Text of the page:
Publication Date: April 8, 2014
Publisher: Delacorte Press
Reading Level: Young Adult, 12+
Pages: 242 (ARC)
An unforgettable epic romantic thriller about a girl from the future who might be able to save the world . . . if she lets go of the one thing she’s found to hold on to.
Follow the rules. Remember what happened. Never fall in love.
This is the story of seventeen-year-old Prenna James, who immigrated to New York when she was twelve. Except Prenna didn’t come from a different country. She came from a different time—a future where a mosquito-borne illness has mutated into a pandemic, killing millions and leaving the world in ruins.
Prenna and the others who escaped to the present day must follow a strict set of rules: never reveal where they’re from, never interfere with history, and never, ever be intimate with anyone outside their community. Prenna does as she’s told, believing she can help prevent the plague that will one day ravage the earth.
But everything changes when Prenna falls for Ethan Jarves.
From Ann Brashares, the #1 New York Times bestselling author of The Sisterhood of the Traveling Pants series, The Here and Now is thrilling, exhilarating, haunting, and heartbreaking—and a must-read novel of the year.
I am going to be blunt here and state that the only nice thing about this book is the cover. Scratch that, the other nice thing about this book was that our main character happened to be Asian and I only know that because it mentioned something about how she gets her Asian features from her father or something along those lines. Aside from all that, this book is one huge pile of "what did I just read?!" It's such a shame because the concept of time travel in this book was totally interesting.
Part of the reason that it was so hard to get through this book was the writing. It was very flat and not that detailed. It did not explain very many things. I can immediately think of at least three instances where characters suddenly just knew the cause of a complicated plot they spent forever trying to figure out or the identity of a unknown person was suddenly obvious. This was incredibly frustrating to me as a reader. It was even more frustrating because it made an emotional attachment to the characters completely impossible, but that is also attributed to the fact that these two characters are very bland and, dare I say, among the most bland characters I have come across in a while.
Prenna James, our main character, does not have a backbone in the beginning of the story. The one aspect of her character arc that I enjoyed was the fact that she does have a backbone by the end of the story. She's very smart, but also very stupid because she doesn't exercise this awesome thing called common sense. She has all these ideas about how things are actually happening and she is often right, but she doesn't try to learn anything herself. She's also obsessed with Ethan from the very beginning of the book and insta-love and a major turn off for me.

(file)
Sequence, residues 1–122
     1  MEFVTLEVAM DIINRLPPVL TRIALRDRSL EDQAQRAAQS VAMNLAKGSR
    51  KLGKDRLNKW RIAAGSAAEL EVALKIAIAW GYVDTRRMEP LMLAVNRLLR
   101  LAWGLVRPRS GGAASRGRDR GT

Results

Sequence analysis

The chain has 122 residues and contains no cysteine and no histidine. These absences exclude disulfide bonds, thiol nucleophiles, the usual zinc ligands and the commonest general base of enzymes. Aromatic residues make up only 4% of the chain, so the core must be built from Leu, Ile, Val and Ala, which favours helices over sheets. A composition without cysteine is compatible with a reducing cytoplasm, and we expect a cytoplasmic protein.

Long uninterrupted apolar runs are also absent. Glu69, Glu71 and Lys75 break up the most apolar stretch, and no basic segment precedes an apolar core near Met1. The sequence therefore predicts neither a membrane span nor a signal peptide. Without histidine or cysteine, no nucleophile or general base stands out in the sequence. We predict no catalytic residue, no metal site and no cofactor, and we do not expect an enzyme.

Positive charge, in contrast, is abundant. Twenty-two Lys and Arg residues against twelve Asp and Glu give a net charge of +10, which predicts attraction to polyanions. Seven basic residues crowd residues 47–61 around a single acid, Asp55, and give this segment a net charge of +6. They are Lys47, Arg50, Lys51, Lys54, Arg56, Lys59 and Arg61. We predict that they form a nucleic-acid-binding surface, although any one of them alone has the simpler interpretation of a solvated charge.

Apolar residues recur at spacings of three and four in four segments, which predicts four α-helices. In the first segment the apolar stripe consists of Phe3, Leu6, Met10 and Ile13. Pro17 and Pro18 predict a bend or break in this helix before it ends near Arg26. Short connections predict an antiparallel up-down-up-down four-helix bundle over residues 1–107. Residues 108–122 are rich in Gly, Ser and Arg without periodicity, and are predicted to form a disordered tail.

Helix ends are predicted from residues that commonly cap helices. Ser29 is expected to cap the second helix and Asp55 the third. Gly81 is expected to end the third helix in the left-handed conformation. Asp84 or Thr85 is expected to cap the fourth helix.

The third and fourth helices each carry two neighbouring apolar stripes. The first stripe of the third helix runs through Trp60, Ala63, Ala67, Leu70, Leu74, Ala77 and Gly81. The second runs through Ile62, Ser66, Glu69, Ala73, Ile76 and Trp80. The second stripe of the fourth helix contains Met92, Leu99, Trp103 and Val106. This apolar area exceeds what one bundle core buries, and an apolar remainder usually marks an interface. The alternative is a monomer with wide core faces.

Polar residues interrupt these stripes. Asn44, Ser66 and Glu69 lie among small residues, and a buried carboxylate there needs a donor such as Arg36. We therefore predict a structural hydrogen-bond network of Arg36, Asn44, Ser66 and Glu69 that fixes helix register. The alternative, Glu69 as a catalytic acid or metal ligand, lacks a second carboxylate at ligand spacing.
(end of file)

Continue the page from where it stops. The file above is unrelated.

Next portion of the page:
And then there's Ethan. I absolutely hate characters like Ethan. Ethan is popular and he goes to parties and he is very smart. He's on the soccer team and is a brain wiz when it comes to computers and hacking (which of course isn't mentioned until it comes in handy) and instead of deciding to spend time with any of his many friends, he decides to run for his life with the weird girl that nobody really likes. In other words, he is perfect and unrealistic and I could barely tolerate him. This was made doubly horrible by the fact that he is obsessed with sex. I think my favorite quote from him reads, "If I could make love to you, I wouldn't mind if I died." Gag me, please. I cannot handle the false love. The world could potentially come to an end and all he cares about is getting laid even though Prenna feels uncomfortable with intimacy due to the strict rules she had to follow from the upbringing. Literally, he can die by having sex with her because of the immunities she has from the future and he doesn't care. I just wanted to shake him and tell him to use his brain. I could not even root for these two because of him.
This book also left me with a lot of questions. Nothing was rapped up properly. If someone is dead, how are they in a future newspaper? Why does Ethan just accept everything so easily? Any sane person would freak out. How could Prenna not recognize her father, even if he is a few years older? Why did the people who traveled back in time forget the few days before and after it? Why did it take so long for people from the future to realize how their government was controlling them because it was so obvious from the very beginning? Where did Prenna's best friend go? Honestly, the list goes on. There are just way too many questions...Made all the more frustrating by the fact that our main characters barely did any of their work and it was all actually done by someone else. They just put everything into motion.
And, lastly, the ending. I can't handle it. The first half of this book was very slow, but then things became interesting enough for me not to constantly put it down and the ending blew all of that up in my face. Ethan is still Ethan, Prenna is still Prenna only she has a backbone now. Molly came out of the woodwork a little bit. But really, the huge kicker is what happened with the people of the future's government. That is what made me want to throw the book against the wall. In a world where all characters but Kenobi and Molly belong in a loony bin, I shouldn't have expected anything less but frustrating insanity.
I don't really know what else to say. I will approach Brashares next novel with a little more skepticism and realistic expectations. I can only see younger audiences actually enjoying this. I was too preoccupied with the fact that a sex-crazed animal was in a book for twelve-year-olds. And boredom...there was unfortunately a lot of boredom.